- Spin and repair phase. As the market sold off through October and fell under 2650, we got the first Trump tweet about the Fed, asking them to be dovish. A Trump-Xi phone call on Nov 1 saw a short- lived rally but the market sold off again, which prompted another tweet aimed at the Fed.
- Freefall. Hopes of a G20 truce saw the market rally briefly again in late November, but while a plan to strike a deal was announced it was quickly overshadowed by the arrest of Huawei’s CFO in Canada and Trump’s “tariff man” tweet in early December. The market went into free fall even as the administration tried to de-escalate. Criticism of the Fed ratcheted up at the same time.
- De-escalation phase. Starting late December 2018 and continuing all the way through Apr 2019, there were several efforts to de-escalate with numerous statements and tweets asserting that talks with China were going very well. Prompted in part by the conciliatory moves and hopes of a resolution the S&P 500 rallied uninterrupted through April.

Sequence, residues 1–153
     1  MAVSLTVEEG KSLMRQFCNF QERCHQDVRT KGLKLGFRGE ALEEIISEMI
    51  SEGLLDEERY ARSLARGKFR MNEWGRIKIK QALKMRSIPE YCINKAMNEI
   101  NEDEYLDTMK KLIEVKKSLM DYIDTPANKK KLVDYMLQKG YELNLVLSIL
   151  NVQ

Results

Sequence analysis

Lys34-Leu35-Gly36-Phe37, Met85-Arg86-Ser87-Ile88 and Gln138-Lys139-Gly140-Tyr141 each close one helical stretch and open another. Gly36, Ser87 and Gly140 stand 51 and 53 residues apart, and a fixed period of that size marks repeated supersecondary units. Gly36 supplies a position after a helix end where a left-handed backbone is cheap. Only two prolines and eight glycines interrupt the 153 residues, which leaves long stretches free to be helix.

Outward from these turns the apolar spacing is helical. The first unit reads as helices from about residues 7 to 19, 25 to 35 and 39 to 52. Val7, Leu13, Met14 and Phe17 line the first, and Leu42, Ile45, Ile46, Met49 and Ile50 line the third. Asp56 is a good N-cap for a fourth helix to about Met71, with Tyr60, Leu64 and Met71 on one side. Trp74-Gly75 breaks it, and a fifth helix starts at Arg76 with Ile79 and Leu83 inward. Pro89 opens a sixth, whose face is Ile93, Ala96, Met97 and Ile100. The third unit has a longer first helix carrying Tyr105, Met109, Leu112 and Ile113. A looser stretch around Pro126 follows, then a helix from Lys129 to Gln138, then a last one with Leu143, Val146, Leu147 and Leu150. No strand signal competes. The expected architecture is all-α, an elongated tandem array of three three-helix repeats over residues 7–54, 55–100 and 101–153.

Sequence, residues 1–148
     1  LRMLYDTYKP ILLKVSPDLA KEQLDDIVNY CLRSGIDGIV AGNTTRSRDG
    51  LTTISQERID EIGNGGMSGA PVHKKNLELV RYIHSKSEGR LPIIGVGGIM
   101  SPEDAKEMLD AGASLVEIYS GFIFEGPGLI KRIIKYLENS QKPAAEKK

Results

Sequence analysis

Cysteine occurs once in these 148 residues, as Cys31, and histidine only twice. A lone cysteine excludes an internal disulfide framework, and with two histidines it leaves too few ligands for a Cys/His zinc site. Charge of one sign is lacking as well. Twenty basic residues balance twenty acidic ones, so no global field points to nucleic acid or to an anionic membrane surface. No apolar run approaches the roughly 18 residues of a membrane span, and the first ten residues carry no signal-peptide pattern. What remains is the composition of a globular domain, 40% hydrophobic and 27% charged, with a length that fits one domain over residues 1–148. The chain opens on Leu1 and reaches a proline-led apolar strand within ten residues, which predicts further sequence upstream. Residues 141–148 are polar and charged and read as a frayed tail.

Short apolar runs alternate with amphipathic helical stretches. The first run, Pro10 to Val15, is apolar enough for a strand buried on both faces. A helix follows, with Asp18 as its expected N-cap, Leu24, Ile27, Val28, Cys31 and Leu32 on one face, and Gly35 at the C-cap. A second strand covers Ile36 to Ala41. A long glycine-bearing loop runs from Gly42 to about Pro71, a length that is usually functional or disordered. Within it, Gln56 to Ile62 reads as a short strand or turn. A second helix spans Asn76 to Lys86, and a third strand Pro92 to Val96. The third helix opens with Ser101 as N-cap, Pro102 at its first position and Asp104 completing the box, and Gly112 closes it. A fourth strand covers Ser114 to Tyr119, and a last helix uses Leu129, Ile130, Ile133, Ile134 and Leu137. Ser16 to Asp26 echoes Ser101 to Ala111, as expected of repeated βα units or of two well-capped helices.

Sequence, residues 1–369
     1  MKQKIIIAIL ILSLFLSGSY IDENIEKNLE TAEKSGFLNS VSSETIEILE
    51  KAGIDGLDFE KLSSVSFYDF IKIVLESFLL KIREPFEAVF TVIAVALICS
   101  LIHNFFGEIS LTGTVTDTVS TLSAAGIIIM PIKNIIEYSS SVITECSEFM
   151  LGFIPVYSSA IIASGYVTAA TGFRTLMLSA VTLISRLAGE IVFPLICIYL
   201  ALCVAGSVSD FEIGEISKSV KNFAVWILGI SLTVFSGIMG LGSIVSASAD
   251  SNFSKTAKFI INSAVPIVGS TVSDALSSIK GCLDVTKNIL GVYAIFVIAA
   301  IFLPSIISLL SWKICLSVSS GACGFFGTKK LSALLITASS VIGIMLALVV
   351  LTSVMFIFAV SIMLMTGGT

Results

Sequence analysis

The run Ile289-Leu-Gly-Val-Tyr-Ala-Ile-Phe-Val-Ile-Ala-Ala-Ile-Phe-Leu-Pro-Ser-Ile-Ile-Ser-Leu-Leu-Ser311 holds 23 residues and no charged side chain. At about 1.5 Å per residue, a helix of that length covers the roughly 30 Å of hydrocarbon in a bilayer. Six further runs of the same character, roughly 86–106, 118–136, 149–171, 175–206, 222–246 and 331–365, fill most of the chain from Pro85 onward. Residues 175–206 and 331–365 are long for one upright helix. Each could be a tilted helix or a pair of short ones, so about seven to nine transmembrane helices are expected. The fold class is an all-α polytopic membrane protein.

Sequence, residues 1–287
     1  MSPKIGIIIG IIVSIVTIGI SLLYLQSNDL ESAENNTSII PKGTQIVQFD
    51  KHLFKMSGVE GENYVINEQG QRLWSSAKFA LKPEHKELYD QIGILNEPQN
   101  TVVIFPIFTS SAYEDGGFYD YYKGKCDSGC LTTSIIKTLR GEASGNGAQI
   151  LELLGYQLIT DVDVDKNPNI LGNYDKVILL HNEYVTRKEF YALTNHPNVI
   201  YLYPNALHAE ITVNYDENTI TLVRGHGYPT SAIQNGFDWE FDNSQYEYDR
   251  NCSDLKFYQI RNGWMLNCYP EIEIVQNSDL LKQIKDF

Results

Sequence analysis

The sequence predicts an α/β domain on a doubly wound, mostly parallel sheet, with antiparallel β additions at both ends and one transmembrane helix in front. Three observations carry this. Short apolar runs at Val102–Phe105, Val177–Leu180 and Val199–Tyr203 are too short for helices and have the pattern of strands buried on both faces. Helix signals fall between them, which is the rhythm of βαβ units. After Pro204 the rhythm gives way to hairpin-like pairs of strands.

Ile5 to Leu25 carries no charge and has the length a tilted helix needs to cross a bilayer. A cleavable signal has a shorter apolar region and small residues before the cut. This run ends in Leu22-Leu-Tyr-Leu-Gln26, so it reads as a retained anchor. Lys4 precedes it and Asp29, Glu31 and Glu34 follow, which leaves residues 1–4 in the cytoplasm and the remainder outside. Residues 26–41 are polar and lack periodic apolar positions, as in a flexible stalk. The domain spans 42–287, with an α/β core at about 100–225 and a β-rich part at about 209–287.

- Renewed tensions just as market notched a new high. The surprise tweet re-escalating trade tensions and raising the tariff rate on $200bn Chinese goods from 10% to 25% occurred on the weekend right after the S&P 500 reached a new high.
This can all be summarized by two charts, the first showing the locus of major escalations, which tend to cluster at market tops…
… while there are virtually no trade war escalations when the S&P is below 2,650.
Meanwhile all selloffs are followed by de-escalations:
So is there a “Trump put” when the S&P drops below 2650?
While escalations and de-escalations on trade occurred at a variety of levels and trajectories of the S&P 500 and they were clearly not the only driver, Deutsche Bank notes several empirical regularities.
- One, major escalations followed new market peaks, the timing suggesting the administration viewed the peaks as an indicator of stock market strength even though as we have noted they have been in a range for over 17 months now.
- Two, rallying markets were sufficient for escalations and new peaks not necessary.